Monday, May 10, 2010

12 hours of Mesa Verde

We pulled into Cortez a little before two, stopped into the bike shop for race check in, hit the local biker (as in Harley's) bar for some lunch, then headed out to preride the course they call Phil's world just outside of town. Home base for the race was at the fairgrounds, a place I had been in my younger years to do some team roping and calf roping on the high school rodeo circuit.

It was a bluebird day and here are Eric and Tyler, getting ready to head out and see what ol' Phil had in store for us. This is the only photo I've got of anyone before the race.

The preride was a riot - the trail is an intense one in the sense that it requires almost constant attention to handling. Banks is expressing his appreciation for a section of trail known as Tuffy's Rim.
This is me after lap two or three. Bill Twinting from the Porcupine club was a few tents down and had come down in between laps and made some passing comment about salt on my face that I didn't pay much attention to. Then Eric told me my face looked like it was peeling off from lepracy. Not sure if that's a function of the XL gas station burrito I had for my night before the race dinner, or a body that hasn't transitioned to working in summer weather yet, but I do believe that's the saltiest crust I've ever worn.
Last of the pics I've got from post race and then we'll get to race details...

Here's Banks at the end of the day.
Here's Tyler, who, given the face he's making, might also be mid sentence in describing his fond memories of riding Tuffy's on his rigid single speed.

So, race details:
  • The Lemans start was a crack up - reminded me a little bit of cyclocross starts at Wheeler farm. Bunch of bike dudes and girls in cleats trying to sprint for the hole shot, even though there wasn't one. I saw one guy go down hard on the run, 15 yards from the start line - would have been a little comical to see how long he had to stay down while people jumped him before he could get up safely.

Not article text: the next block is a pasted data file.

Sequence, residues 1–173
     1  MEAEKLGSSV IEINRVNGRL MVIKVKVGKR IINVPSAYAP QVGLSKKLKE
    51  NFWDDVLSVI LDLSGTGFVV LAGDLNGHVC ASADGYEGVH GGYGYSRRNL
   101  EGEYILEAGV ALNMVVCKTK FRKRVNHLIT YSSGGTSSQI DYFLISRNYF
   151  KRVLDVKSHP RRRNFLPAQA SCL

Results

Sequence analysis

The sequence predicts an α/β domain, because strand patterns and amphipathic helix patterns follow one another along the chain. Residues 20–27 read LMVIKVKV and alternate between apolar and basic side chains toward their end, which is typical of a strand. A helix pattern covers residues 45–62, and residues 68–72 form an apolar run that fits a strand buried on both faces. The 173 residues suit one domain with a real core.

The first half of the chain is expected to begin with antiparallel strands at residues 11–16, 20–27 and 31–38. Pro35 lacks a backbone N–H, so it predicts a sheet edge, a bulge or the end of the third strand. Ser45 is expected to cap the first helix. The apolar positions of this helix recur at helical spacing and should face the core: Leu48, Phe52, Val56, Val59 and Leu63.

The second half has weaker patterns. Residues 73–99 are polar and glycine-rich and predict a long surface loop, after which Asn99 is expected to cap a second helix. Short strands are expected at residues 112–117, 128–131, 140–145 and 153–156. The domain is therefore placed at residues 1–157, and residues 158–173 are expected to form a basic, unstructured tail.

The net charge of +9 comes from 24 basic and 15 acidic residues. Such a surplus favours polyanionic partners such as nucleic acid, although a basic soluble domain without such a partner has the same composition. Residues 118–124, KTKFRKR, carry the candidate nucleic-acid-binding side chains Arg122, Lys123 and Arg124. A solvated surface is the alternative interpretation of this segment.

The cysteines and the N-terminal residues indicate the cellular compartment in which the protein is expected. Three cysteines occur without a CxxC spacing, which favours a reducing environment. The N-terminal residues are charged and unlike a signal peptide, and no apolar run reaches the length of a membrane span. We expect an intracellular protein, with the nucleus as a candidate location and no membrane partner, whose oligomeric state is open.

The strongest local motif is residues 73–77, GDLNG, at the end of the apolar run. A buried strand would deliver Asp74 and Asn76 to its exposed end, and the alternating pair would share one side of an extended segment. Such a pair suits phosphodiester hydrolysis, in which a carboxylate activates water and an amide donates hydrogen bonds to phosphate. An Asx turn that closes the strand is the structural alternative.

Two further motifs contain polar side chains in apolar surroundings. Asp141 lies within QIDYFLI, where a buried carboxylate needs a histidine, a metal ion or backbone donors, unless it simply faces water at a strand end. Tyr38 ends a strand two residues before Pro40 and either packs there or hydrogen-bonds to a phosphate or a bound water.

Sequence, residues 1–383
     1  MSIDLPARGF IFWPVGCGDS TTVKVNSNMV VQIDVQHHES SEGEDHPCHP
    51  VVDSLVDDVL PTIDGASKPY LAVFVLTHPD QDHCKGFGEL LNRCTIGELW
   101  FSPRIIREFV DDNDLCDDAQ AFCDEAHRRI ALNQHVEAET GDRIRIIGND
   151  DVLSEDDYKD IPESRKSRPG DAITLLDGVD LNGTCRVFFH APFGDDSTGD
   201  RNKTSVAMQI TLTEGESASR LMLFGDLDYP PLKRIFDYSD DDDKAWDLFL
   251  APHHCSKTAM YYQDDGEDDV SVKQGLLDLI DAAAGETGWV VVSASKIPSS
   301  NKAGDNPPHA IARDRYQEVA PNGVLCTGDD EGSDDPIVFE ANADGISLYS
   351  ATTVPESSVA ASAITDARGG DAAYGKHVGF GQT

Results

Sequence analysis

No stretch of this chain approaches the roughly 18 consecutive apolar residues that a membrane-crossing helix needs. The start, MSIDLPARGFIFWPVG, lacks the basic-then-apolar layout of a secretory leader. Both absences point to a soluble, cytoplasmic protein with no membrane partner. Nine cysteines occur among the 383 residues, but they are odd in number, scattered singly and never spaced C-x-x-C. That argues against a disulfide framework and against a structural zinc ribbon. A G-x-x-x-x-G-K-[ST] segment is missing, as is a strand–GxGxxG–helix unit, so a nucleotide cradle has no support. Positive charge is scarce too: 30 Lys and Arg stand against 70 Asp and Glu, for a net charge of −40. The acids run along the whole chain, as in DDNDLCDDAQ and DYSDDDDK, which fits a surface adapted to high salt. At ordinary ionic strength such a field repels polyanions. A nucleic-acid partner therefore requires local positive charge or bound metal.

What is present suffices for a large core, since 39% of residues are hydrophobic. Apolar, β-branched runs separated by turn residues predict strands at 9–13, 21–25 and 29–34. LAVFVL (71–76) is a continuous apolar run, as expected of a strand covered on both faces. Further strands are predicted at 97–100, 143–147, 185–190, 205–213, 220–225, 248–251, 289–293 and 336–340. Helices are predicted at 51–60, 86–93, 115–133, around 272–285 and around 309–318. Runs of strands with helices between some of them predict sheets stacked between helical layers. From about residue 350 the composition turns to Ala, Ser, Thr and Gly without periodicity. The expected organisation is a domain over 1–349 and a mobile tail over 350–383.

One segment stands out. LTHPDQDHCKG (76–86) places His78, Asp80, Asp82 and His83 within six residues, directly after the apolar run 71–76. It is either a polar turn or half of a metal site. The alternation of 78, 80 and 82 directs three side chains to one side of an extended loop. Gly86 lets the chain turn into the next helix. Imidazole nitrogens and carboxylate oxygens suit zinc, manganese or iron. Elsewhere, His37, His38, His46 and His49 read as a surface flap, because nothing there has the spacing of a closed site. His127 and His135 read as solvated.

• Weather was absolutely ideal, could not have been better. Trail conditions were also ideal, maybe the buffest 1track I've ever ridden.
  • I started the day thinking I wanted to get 100+ miles in, which would mean needing to ride 7 laps. That lasted until after lap 3, when I had 50 miles plus some change on the Garmin, and I was not the slightest bit dissapointed at the revelation that 6 laps would get me the mileage. I'd timed heading out on 5 to leave a half hour cushion to take a quick break and get out on 6 before the cutoff. The idea of doing 6 lasted until just over halfway through #5, at which point I commited to not doing a 6th.
  • My on the bike pacing was actually better than I expected - laps (riding time) weren't really tight, but tight enough for my first solo effort - Net of pit stop/lounge time, fastest one was the first at 1:34, and the slowest were 3 and 5 at 1:48. Felt fairly good for the first two laps. Encountered some fading at various points on the latter 3. The most bipolar lap was #5, the first half of which I felt the best I'd felt all day - thought I'd really broken through a barrier in understanding my longer distance endurance capacity by feeling that good that late in the day. But you know what they say about endurance efforts - if your feeling either good or bad, don't worry, it ain't gonna last. Well, the 2nd half of lap 5 was my lowest point of the day, I faded fast, and badly.
  • My off the bike pacing probably needs work. I came in off lap 2 about 45 minutes ahead of pace and wonder if I made a mistake by starting to take long breaks that early. It was that stop that I pulled out the anti-gravity recliner chair and put my feet up for a bit. Don't know that I'd do better if done differently, but am curious if I might be better off just making quick stops and riding until I can't anymore... may be a better strategy than shutting it down all the way and then firing it up again over and over. Don't know one way or the other, but maybe an area I should try and do it a little different next time?